Grace Wilson: ‘knows all about the queasy feeling that comes with not knowing where you will soon be sleeping’. Photograph: Molizane de Souza/Grace Wilson

The star of the funniest and most perspicacious memoir I’ve read this year is a twentysomething called Grace. An art school graduate who still dreams of a creative life, she works in an artist supplies store in London, and lives with three friends – Vicky, Jess and Maxine – in a house where the rent is beyond extortionate, and the kitchen ceiling is permanently sprouting mushrooms. The girls have asked their landlord, the Mercedes-driving slimeball Mr Zanetti, time and again to make some repairs, but their pleas have so far fallen on deaf ears.

One morning, however, he pulls up at their door and after a few customary “jokes” (one involves the power of semen to cure acne) and a little light sexual harassment, he announces that the house will shortly be completely renovated. “Whoop, whoop!” they cry, preparing to dance a jig. But there’s more. “And then I shall sell it,” says Mr Zanetti. He gives them four weeks’ notice, though if they can find £1m, they’re very welcome – ha ha – to give him a call.

Saving Grace. Photograph: Jonathan Cape

What follows is the story of one young woman’s struggle to find a room in the most expensive city in the world. At first, Grace tries to convince herself their eviction might turn out to be a good thing. As one of her housemates points out, perhaps this will galvanise them; they’ve all had the pause button pressed for far too long. But reality soon bites. “It’s a cosy single,” says one landlord, showing Grace a room so tiny the only cupboard space is across the hall – hers for £720 a month, plus council tax. “I can get something to go over that hole,” says another, as she gazes at the yawning gap in the floorboards next to a soggy mattress on a damp floor. In despair, there are days when all she wants to do is lie in bed and eat cheese puffs.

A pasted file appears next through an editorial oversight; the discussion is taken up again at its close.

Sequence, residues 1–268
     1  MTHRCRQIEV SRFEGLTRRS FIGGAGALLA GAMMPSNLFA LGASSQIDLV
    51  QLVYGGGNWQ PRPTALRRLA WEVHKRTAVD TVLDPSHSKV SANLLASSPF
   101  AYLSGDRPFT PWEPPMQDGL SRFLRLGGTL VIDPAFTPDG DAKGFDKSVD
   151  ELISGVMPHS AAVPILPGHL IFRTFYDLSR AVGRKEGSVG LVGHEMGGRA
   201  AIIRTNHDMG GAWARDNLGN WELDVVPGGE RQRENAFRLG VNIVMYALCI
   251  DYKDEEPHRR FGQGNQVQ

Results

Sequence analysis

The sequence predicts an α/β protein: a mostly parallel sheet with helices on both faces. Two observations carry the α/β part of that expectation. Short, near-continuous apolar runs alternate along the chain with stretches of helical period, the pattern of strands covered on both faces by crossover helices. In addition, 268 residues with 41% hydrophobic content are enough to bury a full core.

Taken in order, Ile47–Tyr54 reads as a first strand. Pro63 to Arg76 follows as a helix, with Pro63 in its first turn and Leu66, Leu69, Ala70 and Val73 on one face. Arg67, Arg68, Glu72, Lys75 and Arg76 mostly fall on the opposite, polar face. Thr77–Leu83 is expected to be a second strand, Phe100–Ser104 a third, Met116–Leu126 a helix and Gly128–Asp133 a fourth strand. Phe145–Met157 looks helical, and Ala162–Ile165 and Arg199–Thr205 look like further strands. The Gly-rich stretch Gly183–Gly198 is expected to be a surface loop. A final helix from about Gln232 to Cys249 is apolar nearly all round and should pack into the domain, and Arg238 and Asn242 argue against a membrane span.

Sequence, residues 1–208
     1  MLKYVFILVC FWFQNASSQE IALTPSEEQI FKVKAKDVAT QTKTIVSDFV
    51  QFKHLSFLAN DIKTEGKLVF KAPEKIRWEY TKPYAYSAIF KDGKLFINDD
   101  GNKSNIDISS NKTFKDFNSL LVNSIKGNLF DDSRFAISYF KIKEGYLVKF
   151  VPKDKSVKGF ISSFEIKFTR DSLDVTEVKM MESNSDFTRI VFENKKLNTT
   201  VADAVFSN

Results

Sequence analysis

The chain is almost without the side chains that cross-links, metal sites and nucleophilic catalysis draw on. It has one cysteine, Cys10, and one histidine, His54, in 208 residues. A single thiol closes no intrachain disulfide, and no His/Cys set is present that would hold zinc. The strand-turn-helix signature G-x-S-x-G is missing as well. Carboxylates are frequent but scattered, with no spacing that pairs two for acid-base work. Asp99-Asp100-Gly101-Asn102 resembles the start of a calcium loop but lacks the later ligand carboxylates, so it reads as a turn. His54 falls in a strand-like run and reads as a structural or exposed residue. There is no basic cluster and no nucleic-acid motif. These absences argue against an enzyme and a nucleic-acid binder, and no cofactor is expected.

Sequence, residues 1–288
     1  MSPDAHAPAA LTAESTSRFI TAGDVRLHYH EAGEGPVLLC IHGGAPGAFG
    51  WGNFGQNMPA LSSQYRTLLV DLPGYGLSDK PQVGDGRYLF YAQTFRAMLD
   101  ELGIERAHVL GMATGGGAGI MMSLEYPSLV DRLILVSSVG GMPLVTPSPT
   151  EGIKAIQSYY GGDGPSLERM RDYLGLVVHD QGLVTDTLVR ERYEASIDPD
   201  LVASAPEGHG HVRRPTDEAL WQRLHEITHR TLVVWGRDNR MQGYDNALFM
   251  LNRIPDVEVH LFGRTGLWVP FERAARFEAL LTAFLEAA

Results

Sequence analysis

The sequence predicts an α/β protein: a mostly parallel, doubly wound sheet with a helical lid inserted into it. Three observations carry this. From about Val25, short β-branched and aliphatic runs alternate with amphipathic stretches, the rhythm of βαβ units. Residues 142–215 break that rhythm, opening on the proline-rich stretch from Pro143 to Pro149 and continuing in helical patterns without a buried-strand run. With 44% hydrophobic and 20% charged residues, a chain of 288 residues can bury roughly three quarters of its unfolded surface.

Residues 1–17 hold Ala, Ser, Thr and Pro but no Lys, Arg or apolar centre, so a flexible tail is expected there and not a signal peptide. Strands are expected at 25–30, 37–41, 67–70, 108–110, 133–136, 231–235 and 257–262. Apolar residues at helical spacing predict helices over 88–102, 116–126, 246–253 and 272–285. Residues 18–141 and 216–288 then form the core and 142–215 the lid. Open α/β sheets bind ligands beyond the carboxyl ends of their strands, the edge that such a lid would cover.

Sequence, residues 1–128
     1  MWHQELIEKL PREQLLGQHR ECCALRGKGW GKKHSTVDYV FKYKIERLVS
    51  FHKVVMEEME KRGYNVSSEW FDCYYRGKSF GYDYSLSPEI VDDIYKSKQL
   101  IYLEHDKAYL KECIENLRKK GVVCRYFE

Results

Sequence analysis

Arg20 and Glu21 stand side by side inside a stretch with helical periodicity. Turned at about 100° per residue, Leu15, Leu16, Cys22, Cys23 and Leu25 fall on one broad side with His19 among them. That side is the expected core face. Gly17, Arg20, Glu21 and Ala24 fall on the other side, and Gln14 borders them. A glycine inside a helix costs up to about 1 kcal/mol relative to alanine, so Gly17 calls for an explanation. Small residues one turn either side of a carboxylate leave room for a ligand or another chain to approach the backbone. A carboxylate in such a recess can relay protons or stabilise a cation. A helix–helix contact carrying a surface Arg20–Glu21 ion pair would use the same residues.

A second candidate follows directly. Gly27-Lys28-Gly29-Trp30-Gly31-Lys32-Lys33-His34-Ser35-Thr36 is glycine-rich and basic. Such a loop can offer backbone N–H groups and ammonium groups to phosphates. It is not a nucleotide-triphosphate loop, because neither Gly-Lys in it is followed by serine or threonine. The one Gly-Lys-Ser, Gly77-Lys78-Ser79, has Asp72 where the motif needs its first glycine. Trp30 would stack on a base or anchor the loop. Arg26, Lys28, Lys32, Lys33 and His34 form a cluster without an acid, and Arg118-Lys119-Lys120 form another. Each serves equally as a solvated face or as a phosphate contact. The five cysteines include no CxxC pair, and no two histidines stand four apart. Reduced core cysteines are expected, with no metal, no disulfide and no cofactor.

Saving Grace is, first of all, a brilliant commentary on the housing crisis. Its author, Grace Wilson, knows all about the queasy feeling that comes with not knowing where you will soon be sleeping, and the way it affects everything – everything – else in your life, from work to relationships to, ultimately, your self-confidence. But it’s so much more than that. It’s hilarious, not only about rapacious landlords and their creepy ways, but about friendship, work, holidays and sex, too. It’s hard to imagine a funnier scene than the one when Maxine, drunk and having rowed with her boyfriend yet again, makes the mistake of going home with an Iggy Pop-alike who wants to spank her with a bit of precious rock memorabilia (“Did I ever tell you about when I used to roadie for the Who, Max?”). On the tube, where I read it, people looked at me warily, this sniggering woman with a large rainbow-coloured comic book in her hands.